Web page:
Listing 115 myenv-args.tex using Listing 108
\begin{outer}
	\begin{myenv}[%
	optional argument text
	optional argument text]%
	{ mandatory argument text
	mandatory argument text}
	body of environment
	body of environment
	body of environment
	\end{myenv}
\end{outer}

We may customise noAdditionalIndent for optional and mandatory arguments of the myenv environment, as shown in, for example, Listing 116 and Listing 117.

Listing 116 myenv-noAdd5.yaml
noAdditionalIndent:
    myenv: 
        body: 0
        optionalArguments: 1
        mandatoryArguments: 0
Listing 117 myenv-noAdd6.yaml
noAdditionalIndent:
    myenv: 
        body: 0
        optionalArguments: 0
        mandatoryArguments: 1

Upon running

 latexindent.pl myenv.tex -l myenv-noAdd5.yaml
 latexindent.pl myenv.tex -l myenv-noAdd6.yaml

we obtain the respective outputs given in Listing 118 and Listing 119. Note that in Listing 118 the text for the optional argument has not received any additional indentation, and that in Listing 119 the mandatory argument has not received any additional indentation; in both cases, the body has not received any additional indentation.

Listing 118 myenv-args.tex using Listing 116
\begin{outer}
	\begin{myenv}[%
		optional argument text
		optional argument text]%
		{ mandatory argument text
			mandatory argument text}
		body of environment
		body of environment
		body of environment
	\end{myenv}
\end{outer}
Listing 119 myenv-args.tex using Listing 117
\begin{outer}
	\begin{myenv}[%
			optional argument text
			optional argument text]%
		{ mandatory argument text
		mandatory argument text}
		body of environment
		body of environment
		body of environment
	\end{myenv}
\end{outer}
indentRules:fields

We may also specify indentation rules for environment code blocks using the indentRules field; see, for example, Listing 120 and Listing 121.

Listing 120 myenv-rules1.yaml
indentRules:
    myenv: "   "
Listing 121 myenv-rules2.yaml
indentRules:
    myenv: 
        body: "   "

On applying either of the following commands,

 latexindent.pl myenv.tex -l myenv-rules1.yaml
 latexindent.pl myenv.tex -l myenv-rules2.yaml

we obtain the output given in Listing 122; note in particular that the environment myenv has received one tab (from the outer environment) plus three spaces from Listing 120 or Listing 121.

Listing 122 myenv.tex output (using either Listing 120 or Listing 121)
\begin{outer}
	\begin{myenv}
	   body of environment
	   body of environment
	   body of environment
	\end{myenv}
\end{outer}

If you specify a field in indentRules using anything other than horizontal space, it will be ignored.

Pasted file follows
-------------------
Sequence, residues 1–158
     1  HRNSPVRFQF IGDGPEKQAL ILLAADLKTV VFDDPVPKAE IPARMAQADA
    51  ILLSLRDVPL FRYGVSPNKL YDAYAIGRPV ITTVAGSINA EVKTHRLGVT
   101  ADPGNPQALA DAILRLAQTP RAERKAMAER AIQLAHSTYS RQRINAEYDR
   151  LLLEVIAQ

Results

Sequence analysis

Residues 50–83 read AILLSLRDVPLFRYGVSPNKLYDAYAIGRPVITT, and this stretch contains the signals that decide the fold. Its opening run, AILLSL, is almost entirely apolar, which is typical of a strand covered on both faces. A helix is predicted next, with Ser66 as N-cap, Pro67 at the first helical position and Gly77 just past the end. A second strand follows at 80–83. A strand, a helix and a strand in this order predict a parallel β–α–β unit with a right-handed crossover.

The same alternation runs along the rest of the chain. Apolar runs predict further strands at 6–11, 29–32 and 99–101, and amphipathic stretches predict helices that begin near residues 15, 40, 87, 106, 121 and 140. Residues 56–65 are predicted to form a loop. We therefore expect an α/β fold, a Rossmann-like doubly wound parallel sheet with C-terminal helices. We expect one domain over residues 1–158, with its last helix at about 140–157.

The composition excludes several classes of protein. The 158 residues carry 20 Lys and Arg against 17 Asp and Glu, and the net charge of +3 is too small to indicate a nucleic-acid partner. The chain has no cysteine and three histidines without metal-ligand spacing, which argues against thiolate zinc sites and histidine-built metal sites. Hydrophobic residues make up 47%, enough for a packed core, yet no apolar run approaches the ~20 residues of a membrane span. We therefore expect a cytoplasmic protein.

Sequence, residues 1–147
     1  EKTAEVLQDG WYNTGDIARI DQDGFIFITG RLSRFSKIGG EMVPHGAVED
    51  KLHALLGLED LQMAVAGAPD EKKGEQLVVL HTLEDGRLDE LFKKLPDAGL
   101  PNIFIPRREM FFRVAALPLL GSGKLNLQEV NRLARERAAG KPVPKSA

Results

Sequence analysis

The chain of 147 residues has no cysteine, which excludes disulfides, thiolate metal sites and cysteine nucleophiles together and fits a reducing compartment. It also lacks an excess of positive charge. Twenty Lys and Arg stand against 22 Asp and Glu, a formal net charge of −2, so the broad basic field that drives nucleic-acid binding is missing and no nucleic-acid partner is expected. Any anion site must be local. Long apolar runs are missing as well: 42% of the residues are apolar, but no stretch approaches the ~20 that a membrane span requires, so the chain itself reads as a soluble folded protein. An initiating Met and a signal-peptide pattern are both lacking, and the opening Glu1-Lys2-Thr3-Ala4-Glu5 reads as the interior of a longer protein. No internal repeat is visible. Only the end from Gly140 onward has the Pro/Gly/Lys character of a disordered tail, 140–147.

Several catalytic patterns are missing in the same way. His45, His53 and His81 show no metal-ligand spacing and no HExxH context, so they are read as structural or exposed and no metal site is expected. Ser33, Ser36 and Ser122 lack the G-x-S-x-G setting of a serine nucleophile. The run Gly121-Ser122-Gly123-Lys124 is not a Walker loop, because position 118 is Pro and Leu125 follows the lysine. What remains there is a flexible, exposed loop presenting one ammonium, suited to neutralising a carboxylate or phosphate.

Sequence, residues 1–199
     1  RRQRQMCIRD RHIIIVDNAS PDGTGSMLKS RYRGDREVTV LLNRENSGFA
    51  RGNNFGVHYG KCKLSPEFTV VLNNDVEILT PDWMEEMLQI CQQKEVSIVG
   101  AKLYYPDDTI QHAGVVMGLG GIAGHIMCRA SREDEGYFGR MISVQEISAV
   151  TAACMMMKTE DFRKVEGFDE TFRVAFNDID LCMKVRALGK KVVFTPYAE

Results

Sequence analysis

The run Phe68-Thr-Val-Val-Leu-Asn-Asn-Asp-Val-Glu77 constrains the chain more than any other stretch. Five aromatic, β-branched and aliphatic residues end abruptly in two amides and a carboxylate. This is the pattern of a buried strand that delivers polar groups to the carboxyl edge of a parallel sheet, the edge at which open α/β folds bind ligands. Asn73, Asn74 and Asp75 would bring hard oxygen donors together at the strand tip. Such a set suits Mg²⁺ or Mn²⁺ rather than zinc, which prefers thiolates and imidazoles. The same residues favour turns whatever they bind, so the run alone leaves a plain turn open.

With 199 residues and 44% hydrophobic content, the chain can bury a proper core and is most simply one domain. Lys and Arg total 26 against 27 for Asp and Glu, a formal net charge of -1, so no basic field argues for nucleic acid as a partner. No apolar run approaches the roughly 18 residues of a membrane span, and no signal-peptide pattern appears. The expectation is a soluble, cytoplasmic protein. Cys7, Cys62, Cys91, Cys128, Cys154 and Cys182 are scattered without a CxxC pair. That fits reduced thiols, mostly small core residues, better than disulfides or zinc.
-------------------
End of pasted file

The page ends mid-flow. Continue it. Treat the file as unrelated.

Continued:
Returning to the example in Listing 114 that contains optional and mandatory arguments. Upon using Listing 120 as in

 latexindent.pl myenv-args.tex -l=myenv-rules1.yaml

we obtain the output in Listing 123; note that the body, optional argument and mandatory argument of myenv have all received the same customised indentation.

Listing 123 myenv-args.tex using Listing 120
\begin{outer}
	\begin{myenv}[%
	      optional argument text
	      optional argument text]%
	   { mandatory argument text
	      mandatory argument text}
	   body of environment
	   body of environment
	   body of environment
	\end{myenv}
\end{outer}

You can specify different indentation rules for the different features using, for example, Listing 124 and Listing 125

Listing 124 myenv-rules3.yaml
indentRules:
    myenv: 
        body: "   "
        optionalArguments: " "
Listing 125 myenv-rules4.yaml
indentRules:
    myenv: 
        body: "   "
        mandatoryArguments: "\t\t"

After running

 latexindent.pl myenv-args.tex -l myenv-rules3.yaml
 latexindent.pl myenv-args.tex -l myenv-rules4.yaml

then we obtain the respective outputs given in Listing 126 and Listing 127.

Listing 126 myenv-args.tex using Listing 124
\begin{outer}
	\begin{myenv}[%
	    optional argument text
	    optional argument text]%
	   { mandatory argument text
		   mandatory argument text}
	   body of environment
	   body of environment
	   body of environment
	\end{myenv}
\end{outer}
Listing 127 myenv-args.tex using Listing 125
\begin{outer}
	\begin{myenv}[%
		   optional argument text
		   optional argument text]%
	   { mandatory argument text
			   mandatory argument text}
	   body of environment
	   body of environment
	   body of environment
	\end{myenv}
\end{outer}

Note that in Listing 126, the optional argument has only received a single space of indentation, while the mandatory argument has received the default (tab) indentation; the environment body has received three spaces of indentation.

In Listing 127, the optional argument has received the default (tab) indentation, the mandatory argument has received two tabs of indentation, and the body has received three spaces of indentation.